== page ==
An important clinical distinction is the difference between atheroembolic renal disease (AERD) and contrast nephropathy. Although both can occur after an interventional study, there are subtle differences:
Atheroembolic renal disease usually occurs several weeks after an interventional study, whereas contrast-induced neuropathy occurs 24 to 48 hours after an interventional study.
With atheroembolic renal disease, you see digital infarcts and livedo reticularis on physical exam.
In a common test question scenario, a patient had an interventional study and now presents with acute renal failure. The time course is the clincher: If the acute renal failure occurred 24 to 48 hours after the study, the answer is contrast-induced neuropathy. If the kidney function worsened 2 to 3 weeks after the study, the answer is atheroembolic renal disease.
Obstructive uropathies: Urinary blockages
Obstructive uropathies are very common causes of acute kidney disease, especially in the older male population. Understanding the basic approach to evaluating and treating an obstructive process is important. Here are a few general points concerning the causes and evaluation of an obstructive process:
The most common cause of obstruction in men is benign prostate hyperplasia (BPH).
The most common cause of obstruction in a young woman is cervical cancer. In an older woman, think about ovarian cancer as the cause.
You can diagnose an obstruction by kidney ultrasound, CT scan, or MRI.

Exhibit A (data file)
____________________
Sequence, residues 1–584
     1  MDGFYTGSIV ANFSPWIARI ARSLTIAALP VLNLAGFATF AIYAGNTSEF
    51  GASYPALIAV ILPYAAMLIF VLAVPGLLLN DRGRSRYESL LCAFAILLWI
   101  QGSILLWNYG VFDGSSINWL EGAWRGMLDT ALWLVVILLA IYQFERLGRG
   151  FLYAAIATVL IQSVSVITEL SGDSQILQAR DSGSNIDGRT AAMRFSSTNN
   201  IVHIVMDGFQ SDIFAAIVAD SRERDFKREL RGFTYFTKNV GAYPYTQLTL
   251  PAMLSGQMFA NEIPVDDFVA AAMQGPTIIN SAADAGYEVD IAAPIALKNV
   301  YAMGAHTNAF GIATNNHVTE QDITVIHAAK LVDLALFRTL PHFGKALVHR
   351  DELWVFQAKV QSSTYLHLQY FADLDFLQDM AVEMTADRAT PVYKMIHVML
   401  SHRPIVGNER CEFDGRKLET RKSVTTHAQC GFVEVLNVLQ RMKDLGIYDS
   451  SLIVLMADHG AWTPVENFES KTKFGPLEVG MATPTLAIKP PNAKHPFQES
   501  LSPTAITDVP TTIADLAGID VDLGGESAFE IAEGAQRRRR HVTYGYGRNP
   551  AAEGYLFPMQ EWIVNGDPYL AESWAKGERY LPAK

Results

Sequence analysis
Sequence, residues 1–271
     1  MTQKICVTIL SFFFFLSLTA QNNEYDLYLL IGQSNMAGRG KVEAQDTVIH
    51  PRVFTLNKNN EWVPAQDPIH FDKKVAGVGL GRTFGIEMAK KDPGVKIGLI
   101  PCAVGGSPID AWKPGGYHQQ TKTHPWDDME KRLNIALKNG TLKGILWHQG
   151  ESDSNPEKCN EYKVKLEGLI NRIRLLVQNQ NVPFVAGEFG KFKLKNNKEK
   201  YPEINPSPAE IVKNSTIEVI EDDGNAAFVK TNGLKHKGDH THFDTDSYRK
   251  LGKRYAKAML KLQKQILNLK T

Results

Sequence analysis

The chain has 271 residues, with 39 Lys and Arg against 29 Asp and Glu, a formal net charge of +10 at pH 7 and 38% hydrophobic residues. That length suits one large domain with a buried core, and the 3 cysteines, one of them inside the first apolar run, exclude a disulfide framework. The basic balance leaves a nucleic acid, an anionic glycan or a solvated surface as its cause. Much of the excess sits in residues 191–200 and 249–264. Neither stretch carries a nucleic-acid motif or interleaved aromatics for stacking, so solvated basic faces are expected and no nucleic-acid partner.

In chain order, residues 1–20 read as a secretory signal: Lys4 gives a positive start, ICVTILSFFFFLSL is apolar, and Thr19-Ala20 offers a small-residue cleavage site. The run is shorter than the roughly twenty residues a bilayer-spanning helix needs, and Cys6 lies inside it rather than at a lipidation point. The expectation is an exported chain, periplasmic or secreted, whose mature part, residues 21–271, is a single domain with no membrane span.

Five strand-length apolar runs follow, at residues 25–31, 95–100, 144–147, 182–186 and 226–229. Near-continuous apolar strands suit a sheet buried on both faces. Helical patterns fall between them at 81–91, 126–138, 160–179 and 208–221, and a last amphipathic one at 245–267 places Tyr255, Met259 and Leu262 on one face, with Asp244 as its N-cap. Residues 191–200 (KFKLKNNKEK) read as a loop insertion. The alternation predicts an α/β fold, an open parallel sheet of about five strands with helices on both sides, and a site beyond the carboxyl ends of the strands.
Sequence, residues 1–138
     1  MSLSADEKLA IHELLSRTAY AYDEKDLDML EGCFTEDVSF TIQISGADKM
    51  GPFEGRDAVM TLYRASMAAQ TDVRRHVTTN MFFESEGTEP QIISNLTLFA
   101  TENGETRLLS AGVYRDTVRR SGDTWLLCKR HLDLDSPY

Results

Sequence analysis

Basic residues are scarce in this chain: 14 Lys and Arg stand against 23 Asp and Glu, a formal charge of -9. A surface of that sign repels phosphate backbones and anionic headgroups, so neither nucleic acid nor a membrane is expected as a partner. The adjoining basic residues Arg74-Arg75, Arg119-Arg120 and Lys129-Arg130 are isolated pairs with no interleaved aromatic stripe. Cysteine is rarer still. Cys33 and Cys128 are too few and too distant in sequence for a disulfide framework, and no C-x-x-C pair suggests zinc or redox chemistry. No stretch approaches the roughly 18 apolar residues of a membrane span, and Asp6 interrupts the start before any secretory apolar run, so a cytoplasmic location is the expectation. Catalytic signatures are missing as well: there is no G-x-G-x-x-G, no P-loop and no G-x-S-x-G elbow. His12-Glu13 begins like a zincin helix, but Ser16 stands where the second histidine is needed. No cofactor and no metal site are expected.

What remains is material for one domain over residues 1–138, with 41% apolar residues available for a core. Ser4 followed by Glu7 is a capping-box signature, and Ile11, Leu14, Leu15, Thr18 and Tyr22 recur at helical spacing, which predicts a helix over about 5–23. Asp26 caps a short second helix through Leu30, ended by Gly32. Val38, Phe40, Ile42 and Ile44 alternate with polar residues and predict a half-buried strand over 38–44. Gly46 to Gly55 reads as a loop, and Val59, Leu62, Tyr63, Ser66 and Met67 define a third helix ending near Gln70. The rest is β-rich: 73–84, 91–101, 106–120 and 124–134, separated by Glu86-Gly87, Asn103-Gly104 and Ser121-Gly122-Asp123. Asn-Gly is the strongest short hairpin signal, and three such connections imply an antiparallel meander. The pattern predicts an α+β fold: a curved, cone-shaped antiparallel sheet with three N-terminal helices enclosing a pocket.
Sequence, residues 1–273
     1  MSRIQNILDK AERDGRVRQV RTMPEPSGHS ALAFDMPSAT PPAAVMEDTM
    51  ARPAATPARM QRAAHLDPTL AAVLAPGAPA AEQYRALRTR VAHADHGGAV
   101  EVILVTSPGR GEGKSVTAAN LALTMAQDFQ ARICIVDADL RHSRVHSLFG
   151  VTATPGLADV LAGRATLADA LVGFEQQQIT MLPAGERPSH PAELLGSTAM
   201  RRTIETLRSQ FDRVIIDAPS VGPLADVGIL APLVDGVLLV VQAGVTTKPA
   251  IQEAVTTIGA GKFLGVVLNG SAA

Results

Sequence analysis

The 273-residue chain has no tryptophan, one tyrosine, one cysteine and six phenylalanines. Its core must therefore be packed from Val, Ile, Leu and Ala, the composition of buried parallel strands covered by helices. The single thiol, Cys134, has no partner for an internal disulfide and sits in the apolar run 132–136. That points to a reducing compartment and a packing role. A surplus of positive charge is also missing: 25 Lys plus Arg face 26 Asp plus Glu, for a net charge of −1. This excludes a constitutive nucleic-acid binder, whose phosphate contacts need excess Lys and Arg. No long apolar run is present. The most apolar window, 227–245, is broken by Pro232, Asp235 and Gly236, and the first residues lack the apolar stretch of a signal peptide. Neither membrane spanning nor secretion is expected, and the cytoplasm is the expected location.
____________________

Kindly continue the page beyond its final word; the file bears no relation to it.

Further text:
If you see a bilateral hydronephrosis on ultrasound, your next step is to have a Foley catheter placed.
As an imaging modality, the kidney ultrasound is important in a number of ways other than determining whether an obstruction is present.
If both kidneys are small, are echogenic, or show cortical thinning, think of chronic kidney disease.
If one kidney is small compared to the other, the difference can be congenital, unilateral renal artery stenosis, or unilateral reflux nephropathy.
If both kidneys are large by ultrasound criteria, think about HIV, diabetes, polycystic kidney disease, multiple myeloma, and/or amyloidosis.
Polycystic kidney disease (PKD)
Polycystic kidney disease (PKD) is the most common hereditary cause of kidney disease in the United States. It’s characterized by cysts that can grow so large they can overwhelm the kidney and other organs, including the liver and pancreas. Here are some key points about this condition:
Polycystic kidney disease is inherited in an autosomal dominant fashion. This means that if one parent has the condition, a son or daughter has a 50 percent chance of inheriting the condition. There’s also an autosomal recessive form that affects very young children and can affect the liver big time.
The diagnosis of polycystic kidney disease is confirmed by kidney ultrasound.
If the blood pressure is elevated, the treatment is to use an ACE inhibitor or ARB.
Polycystic kidney disease can affect the brain. Screening for berry aneurysms is important, especially if the patient has a family history of these aneurysms. Magnetic resonance angiography (MRA) with contrast is the diagnostic procedure of choice to diagnose the aneurysms.